United States Division
Tuesday, June 29, 2010
Paratroopers, Iraqi Soldiers partner to keep Anbar roads safe By Capt. Kurt Zortman 1st BSTB, 1st AAB, 82nd Abn., USD-C
RAMADI, Iraq – American and Iraqi Soldiers have been working together to clear roadside bombs throughout Anbar province since March.
Over the past four months, engineers from Company A, 1st Brigade Special Troops Battalion, 1st Advise and Assist Brigade, 82nd Airborne Division, have conducted training and route clearance operations with 2nd Iraq Army Bomb Disposal Co. of 1st IA Division. The Soldiers of Co. A have participated in 30 training events and 23 bilateral route-clearance operations with 2nd IA Bomb Disposal Co. The training has focused on route-clearance fundamentals to increase the capability for Iraqi Security Forces to clear the roads of improvised explosive devices. Sgt. Aaron Trowbridge has acted as primary instructor for most of the classes involving robotics and handemplaced explosives. He established and continues to maintain the training lanes that the IA uses for finetuning skills in identifying IEDs. “Some of the IA students are actively conducting route-clearance operations with their unit at Camp Fallujah,” said Trowbridge. “This experience makes them great assets during the training to reinforce the
Second Lt. Hammed, a platoon leader with 2nd Iraqi Army Bomb Disposal Company, 1st Field Engineer Regiment, 1st IA Division, conducts dismounted rehearsals with Co. A, 1st Brigade Special Troops Battalion, 1st Advise and Assist Bde., 82nd Airborne Div., prior to mission execution June 4.
lessons being taught and provide real-world applications to their peers.” The bilateral operations, which have become a weekly event, are a useful tool to validate the training objectives taught at Camp Fallujah during real world missions, he said. The 2nd IA Bomb Disposal Co. conducts routine unilateral operations every night but schedules time to conduct missions with its U.S. partners. These bilateral operations enable the paratroopers to advise the Iraqis and ensure they are sustaining lessons taught both at their schoolhouse and by the U.S. forces.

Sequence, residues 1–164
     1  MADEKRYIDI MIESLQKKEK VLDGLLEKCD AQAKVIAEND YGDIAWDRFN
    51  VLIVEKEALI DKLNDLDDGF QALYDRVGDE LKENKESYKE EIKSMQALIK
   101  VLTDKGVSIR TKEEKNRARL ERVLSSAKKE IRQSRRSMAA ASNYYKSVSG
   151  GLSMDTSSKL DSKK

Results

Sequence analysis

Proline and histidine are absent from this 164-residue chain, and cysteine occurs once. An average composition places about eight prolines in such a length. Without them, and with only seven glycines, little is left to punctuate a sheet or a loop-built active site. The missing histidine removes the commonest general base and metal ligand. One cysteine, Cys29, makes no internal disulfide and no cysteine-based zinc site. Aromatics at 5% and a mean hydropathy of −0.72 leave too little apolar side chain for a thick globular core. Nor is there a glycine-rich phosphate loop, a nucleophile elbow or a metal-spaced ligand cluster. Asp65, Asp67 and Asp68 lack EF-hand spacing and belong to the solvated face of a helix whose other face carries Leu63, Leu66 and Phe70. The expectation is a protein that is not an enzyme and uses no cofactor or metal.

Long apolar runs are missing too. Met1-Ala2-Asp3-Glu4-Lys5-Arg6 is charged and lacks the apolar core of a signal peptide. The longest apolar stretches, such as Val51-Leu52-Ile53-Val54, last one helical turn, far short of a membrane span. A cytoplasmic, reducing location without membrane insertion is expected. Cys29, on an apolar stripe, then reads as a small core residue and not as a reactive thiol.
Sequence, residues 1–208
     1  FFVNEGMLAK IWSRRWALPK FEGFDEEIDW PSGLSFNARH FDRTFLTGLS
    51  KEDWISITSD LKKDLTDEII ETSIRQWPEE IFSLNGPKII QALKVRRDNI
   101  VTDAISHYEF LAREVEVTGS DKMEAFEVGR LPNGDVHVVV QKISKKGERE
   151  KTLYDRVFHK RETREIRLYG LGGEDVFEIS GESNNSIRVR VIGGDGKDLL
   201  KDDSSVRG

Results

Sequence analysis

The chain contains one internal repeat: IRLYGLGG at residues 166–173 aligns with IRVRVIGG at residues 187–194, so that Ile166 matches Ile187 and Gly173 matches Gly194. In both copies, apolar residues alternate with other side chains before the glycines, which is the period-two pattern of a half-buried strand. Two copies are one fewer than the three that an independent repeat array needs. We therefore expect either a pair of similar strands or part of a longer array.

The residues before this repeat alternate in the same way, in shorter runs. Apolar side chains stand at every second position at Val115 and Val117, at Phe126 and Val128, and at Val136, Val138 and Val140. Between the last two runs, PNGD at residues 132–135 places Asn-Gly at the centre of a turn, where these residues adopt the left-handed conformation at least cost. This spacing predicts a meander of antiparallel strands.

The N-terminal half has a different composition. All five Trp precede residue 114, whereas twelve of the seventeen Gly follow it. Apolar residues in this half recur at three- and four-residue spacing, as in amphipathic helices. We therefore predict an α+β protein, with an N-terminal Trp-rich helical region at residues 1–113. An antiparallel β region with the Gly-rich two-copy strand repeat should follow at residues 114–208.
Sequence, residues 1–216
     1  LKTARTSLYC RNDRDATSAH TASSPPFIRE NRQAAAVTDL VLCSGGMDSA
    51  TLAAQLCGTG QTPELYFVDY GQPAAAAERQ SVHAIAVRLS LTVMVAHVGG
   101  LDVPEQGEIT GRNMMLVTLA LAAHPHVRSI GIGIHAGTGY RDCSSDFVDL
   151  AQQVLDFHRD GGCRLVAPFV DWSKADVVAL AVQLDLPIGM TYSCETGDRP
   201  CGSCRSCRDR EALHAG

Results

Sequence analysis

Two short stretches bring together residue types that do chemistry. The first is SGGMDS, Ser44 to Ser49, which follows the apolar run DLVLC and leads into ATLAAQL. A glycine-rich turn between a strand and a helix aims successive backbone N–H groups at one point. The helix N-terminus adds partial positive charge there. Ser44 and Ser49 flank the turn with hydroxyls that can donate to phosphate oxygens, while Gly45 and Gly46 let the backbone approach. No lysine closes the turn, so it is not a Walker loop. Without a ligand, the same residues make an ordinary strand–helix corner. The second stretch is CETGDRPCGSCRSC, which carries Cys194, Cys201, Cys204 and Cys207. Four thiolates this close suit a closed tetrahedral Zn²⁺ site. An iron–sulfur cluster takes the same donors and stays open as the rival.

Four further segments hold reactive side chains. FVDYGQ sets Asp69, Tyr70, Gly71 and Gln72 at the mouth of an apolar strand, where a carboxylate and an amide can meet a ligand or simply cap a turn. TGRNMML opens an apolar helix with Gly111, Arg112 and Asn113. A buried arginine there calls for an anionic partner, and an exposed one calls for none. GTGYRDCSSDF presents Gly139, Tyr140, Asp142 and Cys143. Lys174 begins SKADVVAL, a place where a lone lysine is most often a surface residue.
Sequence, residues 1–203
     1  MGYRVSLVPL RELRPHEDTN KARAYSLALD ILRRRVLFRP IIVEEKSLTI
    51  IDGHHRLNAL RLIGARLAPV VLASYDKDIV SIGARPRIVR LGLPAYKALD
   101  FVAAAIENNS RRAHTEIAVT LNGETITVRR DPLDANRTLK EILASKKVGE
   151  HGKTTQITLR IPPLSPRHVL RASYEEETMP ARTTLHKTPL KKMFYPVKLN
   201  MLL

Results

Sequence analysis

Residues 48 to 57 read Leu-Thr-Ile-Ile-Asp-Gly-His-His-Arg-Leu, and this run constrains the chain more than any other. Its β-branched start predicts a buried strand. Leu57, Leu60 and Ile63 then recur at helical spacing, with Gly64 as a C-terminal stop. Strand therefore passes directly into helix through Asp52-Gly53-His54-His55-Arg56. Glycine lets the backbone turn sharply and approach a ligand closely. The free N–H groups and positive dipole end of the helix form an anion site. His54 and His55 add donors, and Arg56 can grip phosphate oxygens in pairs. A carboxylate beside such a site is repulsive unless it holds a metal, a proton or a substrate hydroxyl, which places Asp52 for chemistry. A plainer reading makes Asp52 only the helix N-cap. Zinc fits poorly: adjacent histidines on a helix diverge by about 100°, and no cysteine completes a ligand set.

The Iraqi Soldiers’ institutional knowledge on route-clearance fundamentals varies, but their eagerness to develop and cultivate this knowledge base is strong, according to 1st Lt. Nathaniel Curley, a platoon leader whose mission is training engineers in 1st IA Div. “The IA [Soldiers are] clearly adapting the lessons taught, and implementing those techniques into their route-clearance patrols,” he said. Curley’s route-clearance platoon has conducted 157 patrols, clearing 16,000 kilometers throughout Anbar province.
Tuesday, June 29, 2010
Soldiers in Baghdad run 12km to raise awareness for cause at home By Spc. Luisito Brooks
4th SBCT PAO, 2nd Inf. Div., USD-C
BAGHDAD – The temperature baked at 100-plus degrees of heat at Contingency Operating Location Nasir Wa Salam when they began running June 12. No families were at the finish line cheering them on, no money being raised, but for three U.S. Soldiers, the 12 kilometers they traveled were still worth it. The Soldiers, from 4th Battalion, 9th Infantry Regiment, 4th Stryker Brigade Combat Team, 2nd Inf. Division, participated in a shadow run of the Sound to Narrows 12-km held the